Elizabeth Stromeyer's Amazing Catch

I feel very humble that so many fishermen who work so hard at the canal were not the lucky one to take that fish. However, I am proud because I decided after you and Dave invited Don and I to join the Gibby Cup, that I wanted to improve my canal fishing skills.

I bought a "Benney's Special" bike and set it up and I did put in quite a few hours riding, casting, observing, thinking, and learning, but not catching. Finally this fall I began to score on small fish pretty consistently.

I don't care to fish in crowds and I'm not agile, so I had sought out spots that hold fish that others seem to ignore and where I could plant both feet firmly on the ground.

Like everyone else that fishes the canal, I knew that those early October east tides were going to be prime. On that set of tides, Don and I had been fishing the area behind the old library off of Keene Street the four mornings before, and had taken fish every morning on yellow plugs.

We saw a 30 lb. fish taken there on Thursday. I almost slept in on Friday because I was beat from the other early morning adventures, but managed to roll old and head to the same spot.

I tried some other lures and then put on my Gag's It's Alive (sorry Stan). At the end of this cast, there was a big swirl as the bass smashed it with its tail. I just twiched the plug, not retrieving at all, and the fish hit it like a ton of bricks.

Once I felt the weight of the fish on the line, I set the hook and held on. She dove straight for the bottom on a long run and all I could do was watch the line peel off my reel. I had the drag socked up as tight as I dared, and the rod was bent as far as it should go.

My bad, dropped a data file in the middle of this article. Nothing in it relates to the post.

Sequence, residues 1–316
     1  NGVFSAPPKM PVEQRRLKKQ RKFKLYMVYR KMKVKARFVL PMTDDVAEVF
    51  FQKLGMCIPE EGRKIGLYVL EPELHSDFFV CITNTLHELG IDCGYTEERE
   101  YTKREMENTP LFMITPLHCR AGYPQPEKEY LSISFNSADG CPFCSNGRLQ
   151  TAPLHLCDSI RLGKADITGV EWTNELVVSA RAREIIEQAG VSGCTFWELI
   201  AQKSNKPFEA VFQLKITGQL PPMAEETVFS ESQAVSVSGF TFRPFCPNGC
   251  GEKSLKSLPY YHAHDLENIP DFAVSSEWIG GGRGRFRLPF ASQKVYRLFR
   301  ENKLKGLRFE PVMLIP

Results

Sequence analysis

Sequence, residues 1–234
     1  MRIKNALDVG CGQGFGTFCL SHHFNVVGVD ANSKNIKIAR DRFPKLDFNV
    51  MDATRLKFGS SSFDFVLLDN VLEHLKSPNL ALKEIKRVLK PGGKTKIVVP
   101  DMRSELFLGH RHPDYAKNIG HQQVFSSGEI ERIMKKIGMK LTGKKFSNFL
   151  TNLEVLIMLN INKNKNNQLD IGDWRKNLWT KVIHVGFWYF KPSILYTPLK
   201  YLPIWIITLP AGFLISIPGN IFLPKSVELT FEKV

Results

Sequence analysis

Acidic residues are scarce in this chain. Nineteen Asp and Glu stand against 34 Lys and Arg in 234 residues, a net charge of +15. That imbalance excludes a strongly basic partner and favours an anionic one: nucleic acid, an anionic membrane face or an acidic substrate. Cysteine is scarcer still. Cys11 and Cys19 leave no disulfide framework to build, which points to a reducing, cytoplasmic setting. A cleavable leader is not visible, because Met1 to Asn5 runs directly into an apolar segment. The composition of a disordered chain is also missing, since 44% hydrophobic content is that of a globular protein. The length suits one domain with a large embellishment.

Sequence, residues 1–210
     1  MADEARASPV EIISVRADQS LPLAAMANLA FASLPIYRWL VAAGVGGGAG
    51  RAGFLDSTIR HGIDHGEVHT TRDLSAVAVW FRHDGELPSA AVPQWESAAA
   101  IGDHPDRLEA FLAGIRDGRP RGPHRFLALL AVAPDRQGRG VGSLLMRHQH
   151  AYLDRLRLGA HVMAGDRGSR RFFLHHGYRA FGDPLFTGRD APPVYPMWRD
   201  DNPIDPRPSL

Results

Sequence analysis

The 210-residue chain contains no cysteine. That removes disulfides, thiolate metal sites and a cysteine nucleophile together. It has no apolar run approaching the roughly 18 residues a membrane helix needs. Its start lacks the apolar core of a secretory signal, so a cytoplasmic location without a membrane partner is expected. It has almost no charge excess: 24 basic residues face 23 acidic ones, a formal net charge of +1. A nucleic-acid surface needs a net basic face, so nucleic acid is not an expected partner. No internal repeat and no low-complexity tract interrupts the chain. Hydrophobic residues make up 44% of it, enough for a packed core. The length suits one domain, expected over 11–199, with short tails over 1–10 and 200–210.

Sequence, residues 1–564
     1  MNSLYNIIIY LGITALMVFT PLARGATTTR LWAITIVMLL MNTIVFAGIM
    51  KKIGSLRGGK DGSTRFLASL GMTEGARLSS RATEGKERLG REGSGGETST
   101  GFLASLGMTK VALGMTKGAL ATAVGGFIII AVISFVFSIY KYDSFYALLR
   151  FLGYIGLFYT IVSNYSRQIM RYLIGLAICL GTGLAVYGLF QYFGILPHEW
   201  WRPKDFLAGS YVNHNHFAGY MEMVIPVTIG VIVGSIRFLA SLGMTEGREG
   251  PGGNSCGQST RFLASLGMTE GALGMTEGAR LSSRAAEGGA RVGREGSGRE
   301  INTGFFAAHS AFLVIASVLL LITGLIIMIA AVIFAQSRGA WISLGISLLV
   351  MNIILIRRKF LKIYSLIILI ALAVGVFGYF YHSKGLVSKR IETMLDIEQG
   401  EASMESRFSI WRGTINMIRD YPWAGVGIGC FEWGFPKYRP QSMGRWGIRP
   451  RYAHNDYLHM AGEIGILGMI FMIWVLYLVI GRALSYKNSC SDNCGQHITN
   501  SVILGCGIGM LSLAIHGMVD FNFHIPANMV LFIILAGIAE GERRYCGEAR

She stopped at the end of the first run and I began to gain a little line. At that point, I was convinced that I had foul hooked a small fish. Then she made another long deep run and I knew I had a big fish.

My right hand fell asleep due to my gripping the reel so hard, but I knew that I had to hang on, pump, and crank. Little by little, I gained line and began to inch her towards shore. I couldn't believe my eyes as the length of the fish kept coming and coming.

Don knew I had a good fish, but was busy with his own. I yelled to him, "I got a keeper!" The guy to my left yelled at me, "Nice fish, guy!" I realized that it was Mike Thomas, and yelled back, "Is that you, Mike?"

He replied, "Is that you, Liz?" Although I was shaking from head to foot with excitement and fatigue, because I had been releasing most of the fish I had been catching, I was overcome with urgency to get the plug out of her mouth. Then I realized that this was indeed, "a keeper." I just stood in shock and looked in awe at that fish.

Don came over shortly and exclaimed, "Holy S---! That's a huge fish. "I was trying to figure out how I was going to haul it up the rocks and he admonished me, "Don't you try to haul that up the rocks you hear? I'll get it for you. I don't want you to break my wife."

We brought the fish right over to Red Top to weigh it, and it was 45.25 pounds on our scale. We went right away to Canal Bait and Bruce weighed it at 45.30 pounds. Had it been a 50 pounder, I would have had it mounted. Instead I cut it up and shared the meat with the Red Top crew.

So, thanks to you and Dave Karp for getting us involved in the Gibby Cup, I have caught a fish of a lifetime.